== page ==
In acute and sub-acute settings, PTs treat patients diagnosed with conditions that predispose them to VTE. Because PTs in this environment treat patients daily, they may be more sensitive to subtle changes that occur with the edema or tenderness in a patient’s lower extremity. These PTs have greater access to nurses, surgeons and attending physicians who can order diagnostic tests to rule out DVT.

However, it may be more difficult to identify and assess DVT in patients while treating in the outpatient setting. Research demonstrates that PTs may not properly identify the signs and symptoms of DVT and refer the patient back to the physician as indicated.5

Outpatient PTs function as more autonomous practitioners and need to listen to a patient’s subjective complaints, review him past medical history, and analyze physical examination findings. At this stage of healing, patients may see a PT several times a week and visit a physician intermittently for follow-up care. This places a greater responsibility on PTs to accurately assess the possibility of DVT and refer to the physician.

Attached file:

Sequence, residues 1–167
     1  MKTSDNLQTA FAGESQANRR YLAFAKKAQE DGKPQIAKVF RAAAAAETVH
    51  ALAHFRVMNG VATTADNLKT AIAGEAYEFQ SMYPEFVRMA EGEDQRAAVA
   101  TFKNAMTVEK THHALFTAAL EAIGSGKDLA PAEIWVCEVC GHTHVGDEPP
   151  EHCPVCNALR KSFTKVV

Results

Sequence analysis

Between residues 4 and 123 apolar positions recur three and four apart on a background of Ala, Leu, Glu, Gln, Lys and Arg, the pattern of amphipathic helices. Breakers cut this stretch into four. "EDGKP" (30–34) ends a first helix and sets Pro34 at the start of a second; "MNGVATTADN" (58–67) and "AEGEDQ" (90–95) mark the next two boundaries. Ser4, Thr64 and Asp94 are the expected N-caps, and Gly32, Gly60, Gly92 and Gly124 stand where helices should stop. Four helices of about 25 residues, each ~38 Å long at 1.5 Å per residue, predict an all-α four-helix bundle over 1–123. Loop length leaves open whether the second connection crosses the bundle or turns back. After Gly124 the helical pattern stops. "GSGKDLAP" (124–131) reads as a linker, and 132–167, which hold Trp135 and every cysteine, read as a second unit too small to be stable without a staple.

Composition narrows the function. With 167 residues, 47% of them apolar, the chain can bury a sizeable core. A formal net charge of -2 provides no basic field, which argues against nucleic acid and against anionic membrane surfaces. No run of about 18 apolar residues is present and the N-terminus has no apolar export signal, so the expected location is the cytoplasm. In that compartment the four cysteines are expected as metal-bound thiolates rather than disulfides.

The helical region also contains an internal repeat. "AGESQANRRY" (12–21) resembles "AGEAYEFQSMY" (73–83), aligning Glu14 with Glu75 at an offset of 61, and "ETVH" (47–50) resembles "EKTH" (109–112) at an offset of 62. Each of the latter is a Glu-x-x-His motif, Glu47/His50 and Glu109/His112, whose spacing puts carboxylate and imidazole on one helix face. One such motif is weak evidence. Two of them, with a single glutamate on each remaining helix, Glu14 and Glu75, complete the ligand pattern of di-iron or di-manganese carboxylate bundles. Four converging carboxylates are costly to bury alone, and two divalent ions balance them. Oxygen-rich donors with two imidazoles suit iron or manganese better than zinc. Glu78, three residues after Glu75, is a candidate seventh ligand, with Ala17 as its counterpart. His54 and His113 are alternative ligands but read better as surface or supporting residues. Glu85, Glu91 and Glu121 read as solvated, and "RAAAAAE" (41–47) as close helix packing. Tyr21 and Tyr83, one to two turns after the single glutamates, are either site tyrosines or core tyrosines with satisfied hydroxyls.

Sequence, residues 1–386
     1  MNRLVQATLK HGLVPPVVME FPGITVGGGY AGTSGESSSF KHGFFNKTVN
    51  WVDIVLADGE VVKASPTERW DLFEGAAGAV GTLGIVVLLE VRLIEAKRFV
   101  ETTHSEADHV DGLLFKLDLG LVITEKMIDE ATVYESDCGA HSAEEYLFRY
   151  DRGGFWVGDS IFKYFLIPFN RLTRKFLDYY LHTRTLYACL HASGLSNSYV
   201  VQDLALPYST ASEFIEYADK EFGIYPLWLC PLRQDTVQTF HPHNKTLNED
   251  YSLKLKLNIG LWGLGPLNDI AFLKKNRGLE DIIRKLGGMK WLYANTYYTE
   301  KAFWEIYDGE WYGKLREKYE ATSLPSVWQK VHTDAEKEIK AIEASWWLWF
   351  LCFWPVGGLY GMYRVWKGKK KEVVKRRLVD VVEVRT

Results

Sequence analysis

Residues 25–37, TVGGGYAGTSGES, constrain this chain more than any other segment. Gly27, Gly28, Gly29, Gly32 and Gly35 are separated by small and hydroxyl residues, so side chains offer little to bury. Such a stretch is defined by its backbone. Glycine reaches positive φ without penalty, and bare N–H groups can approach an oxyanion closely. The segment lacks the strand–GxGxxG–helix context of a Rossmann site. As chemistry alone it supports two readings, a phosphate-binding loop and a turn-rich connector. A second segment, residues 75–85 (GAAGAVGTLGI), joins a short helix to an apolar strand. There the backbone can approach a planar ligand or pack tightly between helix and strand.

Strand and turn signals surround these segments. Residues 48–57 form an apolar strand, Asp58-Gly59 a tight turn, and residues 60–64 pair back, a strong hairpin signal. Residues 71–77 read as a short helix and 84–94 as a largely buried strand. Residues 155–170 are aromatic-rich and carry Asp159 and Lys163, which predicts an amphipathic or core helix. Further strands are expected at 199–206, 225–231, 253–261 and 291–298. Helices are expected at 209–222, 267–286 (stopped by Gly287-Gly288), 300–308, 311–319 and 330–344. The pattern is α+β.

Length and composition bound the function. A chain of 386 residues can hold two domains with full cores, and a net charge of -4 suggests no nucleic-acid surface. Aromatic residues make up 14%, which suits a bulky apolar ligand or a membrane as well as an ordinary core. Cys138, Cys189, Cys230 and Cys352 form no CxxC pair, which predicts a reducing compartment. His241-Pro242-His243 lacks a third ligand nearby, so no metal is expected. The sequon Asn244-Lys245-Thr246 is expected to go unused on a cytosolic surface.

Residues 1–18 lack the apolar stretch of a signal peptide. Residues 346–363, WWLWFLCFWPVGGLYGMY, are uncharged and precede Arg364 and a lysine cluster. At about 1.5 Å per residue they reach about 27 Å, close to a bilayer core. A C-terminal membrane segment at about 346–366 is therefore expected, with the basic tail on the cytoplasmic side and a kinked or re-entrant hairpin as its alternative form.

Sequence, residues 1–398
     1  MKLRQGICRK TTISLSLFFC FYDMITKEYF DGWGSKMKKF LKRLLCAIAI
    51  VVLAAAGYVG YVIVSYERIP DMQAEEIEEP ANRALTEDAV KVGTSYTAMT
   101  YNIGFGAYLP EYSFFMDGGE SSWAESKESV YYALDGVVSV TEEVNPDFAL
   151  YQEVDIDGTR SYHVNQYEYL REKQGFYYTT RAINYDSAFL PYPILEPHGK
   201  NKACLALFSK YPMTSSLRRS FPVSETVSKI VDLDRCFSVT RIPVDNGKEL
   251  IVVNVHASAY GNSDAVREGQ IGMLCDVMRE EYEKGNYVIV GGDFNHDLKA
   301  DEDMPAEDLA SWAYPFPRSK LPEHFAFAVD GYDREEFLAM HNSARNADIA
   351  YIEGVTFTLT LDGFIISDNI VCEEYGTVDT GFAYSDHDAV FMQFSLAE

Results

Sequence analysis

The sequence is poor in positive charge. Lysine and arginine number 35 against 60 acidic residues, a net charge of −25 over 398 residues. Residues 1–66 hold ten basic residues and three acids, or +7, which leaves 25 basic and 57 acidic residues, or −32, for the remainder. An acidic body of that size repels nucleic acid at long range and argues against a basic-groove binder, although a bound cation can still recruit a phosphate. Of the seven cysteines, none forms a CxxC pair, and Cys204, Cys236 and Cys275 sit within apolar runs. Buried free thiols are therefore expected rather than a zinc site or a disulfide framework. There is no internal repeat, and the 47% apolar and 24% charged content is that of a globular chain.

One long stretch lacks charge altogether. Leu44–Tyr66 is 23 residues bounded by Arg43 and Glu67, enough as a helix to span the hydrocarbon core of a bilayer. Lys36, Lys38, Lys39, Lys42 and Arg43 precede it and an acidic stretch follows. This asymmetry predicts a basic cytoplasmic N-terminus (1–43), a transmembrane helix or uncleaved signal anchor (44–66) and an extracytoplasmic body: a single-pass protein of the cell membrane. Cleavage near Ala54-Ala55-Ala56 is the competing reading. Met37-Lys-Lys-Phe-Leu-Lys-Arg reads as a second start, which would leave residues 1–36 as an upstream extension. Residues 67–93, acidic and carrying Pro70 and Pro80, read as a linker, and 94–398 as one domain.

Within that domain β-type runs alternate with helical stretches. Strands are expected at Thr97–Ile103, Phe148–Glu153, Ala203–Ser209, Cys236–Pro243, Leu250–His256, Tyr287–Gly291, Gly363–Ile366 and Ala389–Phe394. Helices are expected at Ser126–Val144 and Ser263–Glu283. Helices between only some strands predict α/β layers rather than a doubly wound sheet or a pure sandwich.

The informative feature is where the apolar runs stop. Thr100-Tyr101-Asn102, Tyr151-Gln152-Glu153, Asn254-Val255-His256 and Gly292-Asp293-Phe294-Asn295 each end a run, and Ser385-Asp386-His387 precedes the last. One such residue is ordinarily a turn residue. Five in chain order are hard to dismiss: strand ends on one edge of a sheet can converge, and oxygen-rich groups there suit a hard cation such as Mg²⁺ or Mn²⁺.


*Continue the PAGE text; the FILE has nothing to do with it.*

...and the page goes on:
One valuable tool that PTs can use is the clinical decision rule (CDR) for DVT probability devised by Wells and colleagues. The CDR assists PTs in determining the likelihood of a patient having a DVT with appropriate clinical symptoms. The score of the CDR helps classify patients into low-, moderate- and high-risk categories.6-8The tool analyzes a patient’s medical history and PT examination findings. If a patient scores a zero with the CDR, there is less than a 3-percent chance of DVT, a score of a one or two indicates a 17-percent probability of DVT, and those who score a three or above have 75-percent chance of having a DVT.9-11 Most experts agree that patients who are suspected of having a DVT should participate in formal diagnostic testing even if the risk of DVT is considered low. For PTs, the CDR serves two important functions. First, the PT has a greater awareness of the significant evidence-based variables that raise a patient’s risk for DVT. Secondly, the PT can direct the urgency with which a referral should be made to the physician. For example, if a patient presents with moderate risk for DVT, the PT should speak to the physician and advocate for a diagnostic evaluation that same day.12 Physical therapists are uniquely qualified to evaluate and assess the early signs and symptoms of VTE disease in patients in acute, home care and outpatient settings. By accurately identifying and referring patients who demonstrate symptoms of these diseases to physicians, therapists can prevent morbidity and mortality. It is important that PTs remain current with the literature and improve their knowledge base of DVT and PE prevention and management.